Stepping Hill hospital deaths: Victorino Chua denies poisoning and murdering patients

Chua is accused of murdering three of his patients

Kashmira Gander
Tuesday 14 April 2015 22:47
Nurse Victorino Chua, 48, of Churchill Street, Heaton Norris, who appeared at Manchester Magistrates Court today accused of murdering Tracey Arden, 44, Arnold Lancaster, 71, and Alfred Derek Weaver, 83. He is also charged with 31 other offences including
Nurse Victorino Chua, 48, of Churchill Street, Heaton Norris, who appeared at Manchester Magistrates Court today accused of murdering Tracey Arden, 44, Arnold Lancaster, 71, and Alfred Derek Weaver, 83. He is also charged with 31 other offences including

A nurse accused of murdering three of his hospital patients and poisoning others has denied in court that he contaminated medical products with insulin.

Victorino Chua is accused of contaminating saline bags and ampoules with insulin using a hypodermic needle at Stepping Hill Hospital in Stockport, Cheshire, causing three deaths and a series of poisonings.

In total, 21 patients are alleged to have suffered because of the 49-year-old’s actions, with Tracey Arden, 44, Arnold Lancaster, 71, and Derek Weaver, 83, allegedly becoming his murder victims, jurors were told.

Chua is accused of changing tack in January 2012 amid an on-going police investigation and increased security when he deliberately altered drug dosages on prescription charts.

Speaking from witness box at Manchester Crown Court today, Chua denied contaminating saline bags and ampoules, and said he did not cause grievous bodily harm (GBH) to one patient, Grant Misell, or attempt to cause GBH to another, Beryl Hope. He also rejected claims he falsified their medical notes.

Chua also replied “no sir”, when his defence barrister asked him if he intended to kill Ms Arden, Mr Lancaster and Mr Weaver, and said he had never intended to cause any patients any serious harm.

On Monday, the court heard that Chua described himself as the “devil” and “evil” in a letter, but told detectives he wrote it to “release tension”.

Police found the 13-page handwritten letter in a kitchen draw when they searched Victorino Chua’s house after he was arrested in January 2012 on suspicion of murder.

The jury at Manchester Crown Court heard the defendant's police interview on Monday, during which he was questioned closely about passages in the letter by Detective Constable Simon Howe of Greater Manchester Police. He said he had written the notes after his counsellor suggested it may make him feel better.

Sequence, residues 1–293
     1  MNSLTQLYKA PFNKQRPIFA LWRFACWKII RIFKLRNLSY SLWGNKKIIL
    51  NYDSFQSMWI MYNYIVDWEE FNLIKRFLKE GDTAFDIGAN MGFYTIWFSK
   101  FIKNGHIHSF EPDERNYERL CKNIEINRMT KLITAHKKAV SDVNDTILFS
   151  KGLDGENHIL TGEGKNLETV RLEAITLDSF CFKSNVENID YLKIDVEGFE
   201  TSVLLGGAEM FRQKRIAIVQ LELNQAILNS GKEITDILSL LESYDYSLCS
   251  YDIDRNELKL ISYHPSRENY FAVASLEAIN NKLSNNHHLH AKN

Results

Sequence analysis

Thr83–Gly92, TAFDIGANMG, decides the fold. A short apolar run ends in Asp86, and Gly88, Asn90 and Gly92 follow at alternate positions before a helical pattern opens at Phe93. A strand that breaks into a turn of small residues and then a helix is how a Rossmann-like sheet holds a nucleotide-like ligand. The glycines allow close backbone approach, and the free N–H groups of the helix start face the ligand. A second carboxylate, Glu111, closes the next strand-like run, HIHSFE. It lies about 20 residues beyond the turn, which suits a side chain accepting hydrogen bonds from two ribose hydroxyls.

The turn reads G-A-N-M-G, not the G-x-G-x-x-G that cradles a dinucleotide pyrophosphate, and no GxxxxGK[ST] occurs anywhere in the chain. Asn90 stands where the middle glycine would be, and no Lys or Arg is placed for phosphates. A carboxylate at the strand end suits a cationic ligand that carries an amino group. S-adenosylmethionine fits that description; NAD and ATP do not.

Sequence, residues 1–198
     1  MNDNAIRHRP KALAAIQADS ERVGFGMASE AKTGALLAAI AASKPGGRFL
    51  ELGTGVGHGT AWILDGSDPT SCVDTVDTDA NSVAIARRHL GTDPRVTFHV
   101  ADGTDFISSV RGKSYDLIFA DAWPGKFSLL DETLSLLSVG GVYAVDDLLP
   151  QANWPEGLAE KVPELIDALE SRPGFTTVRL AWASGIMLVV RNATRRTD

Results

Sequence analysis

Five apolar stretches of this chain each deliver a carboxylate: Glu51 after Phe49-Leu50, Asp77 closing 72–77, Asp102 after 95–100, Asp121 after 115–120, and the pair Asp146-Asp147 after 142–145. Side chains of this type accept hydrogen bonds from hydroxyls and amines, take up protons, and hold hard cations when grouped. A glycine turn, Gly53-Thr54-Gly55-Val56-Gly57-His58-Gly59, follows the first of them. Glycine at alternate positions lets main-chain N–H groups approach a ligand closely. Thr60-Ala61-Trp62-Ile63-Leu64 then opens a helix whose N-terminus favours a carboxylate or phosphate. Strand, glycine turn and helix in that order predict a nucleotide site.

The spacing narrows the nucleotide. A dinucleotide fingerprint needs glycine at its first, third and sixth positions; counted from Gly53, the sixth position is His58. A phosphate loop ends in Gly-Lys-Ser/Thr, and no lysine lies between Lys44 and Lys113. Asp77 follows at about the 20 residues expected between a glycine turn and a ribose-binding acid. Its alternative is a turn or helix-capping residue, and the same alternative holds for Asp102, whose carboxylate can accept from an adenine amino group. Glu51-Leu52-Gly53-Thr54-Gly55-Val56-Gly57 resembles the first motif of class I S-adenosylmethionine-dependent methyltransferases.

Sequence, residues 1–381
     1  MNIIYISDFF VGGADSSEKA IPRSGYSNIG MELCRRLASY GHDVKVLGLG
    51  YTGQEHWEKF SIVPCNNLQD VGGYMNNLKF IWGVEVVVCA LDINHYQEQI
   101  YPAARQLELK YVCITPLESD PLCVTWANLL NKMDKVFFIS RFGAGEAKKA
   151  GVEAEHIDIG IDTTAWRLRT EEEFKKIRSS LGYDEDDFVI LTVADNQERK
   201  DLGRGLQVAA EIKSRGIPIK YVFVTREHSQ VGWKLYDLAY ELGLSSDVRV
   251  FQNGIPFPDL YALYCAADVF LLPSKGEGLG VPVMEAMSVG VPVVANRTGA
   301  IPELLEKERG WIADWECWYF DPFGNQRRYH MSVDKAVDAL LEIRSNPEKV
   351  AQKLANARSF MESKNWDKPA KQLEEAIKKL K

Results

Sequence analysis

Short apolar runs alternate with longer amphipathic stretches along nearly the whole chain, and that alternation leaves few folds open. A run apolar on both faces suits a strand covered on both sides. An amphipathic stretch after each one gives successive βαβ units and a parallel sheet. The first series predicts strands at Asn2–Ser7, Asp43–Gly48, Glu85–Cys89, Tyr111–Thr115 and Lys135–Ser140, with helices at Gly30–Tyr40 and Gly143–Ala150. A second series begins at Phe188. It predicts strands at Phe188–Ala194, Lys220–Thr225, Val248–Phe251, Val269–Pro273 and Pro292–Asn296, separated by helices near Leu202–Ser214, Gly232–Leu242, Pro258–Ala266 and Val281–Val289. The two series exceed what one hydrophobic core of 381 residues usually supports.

Chua has pleaded not guilty to 36 charges in all, including three alleged murders, one count of grievous bodily harm with intent, 23 counts of attempted grievous bodily harm, eight counts of attempting to cause a poison to be administered and one count of administering a poison.

The case will continue tomorrow.

Additional reporting by PA

Register for free to continue reading

Registration is a free and easy way to support our truly independent journalism

By registering, you will also enjoy limited access to Premium articles, exclusive newsletters, commenting, and virtual events with our leading journalists

Please enter a valid email
Please enter a valid email
Must be at least 6 characters, include an upper and lower case character and a number
Must be at least 6 characters, include an upper and lower case character and a number
Must be at least 6 characters, include an upper and lower case character and a number
Please enter your first name
Special characters aren’t allowed
Please enter a name between 1 and 40 characters
Please enter your last name
Special characters aren’t allowed
Please enter a name between 1 and 40 characters
You must be over 18 years old to register
You must be over 18 years old to register
Opt-out-policy
You can opt-out at any time by signing in to your account to manage your preferences. Each email has a link to unsubscribe.

By clicking ‘Create my account’ you confirm that your data has been entered correctly and you have read and agree to our Terms of use, Cookie policy and Privacy notice.

This site is protected by reCAPTCHA and the Google Privacy policy and Terms of service apply.

Already have an account? sign in

By clicking ‘Register’ you confirm that your data has been entered correctly and you have read and agree to our Terms of use, Cookie policy and Privacy notice.

This site is protected by reCAPTCHA and the Google Privacy policy and Terms of service apply.

Register for free to continue reading

Registration is a free and easy way to support our truly independent journalism

By registering, you will also enjoy limited access to Premium articles, exclusive newsletters, commenting, and virtual events with our leading journalists

Already have an account? sign in

By clicking ‘Register’ you confirm that your data has been entered correctly and you have read and agree to our Terms of use, Cookie policy and Privacy notice.

This site is protected by reCAPTCHA and the Google Privacy policy and Terms of service apply.

Thank you for registering

Please refresh the page or navigate to another page on the site to be automatically logged inPlease refresh your browser to be logged in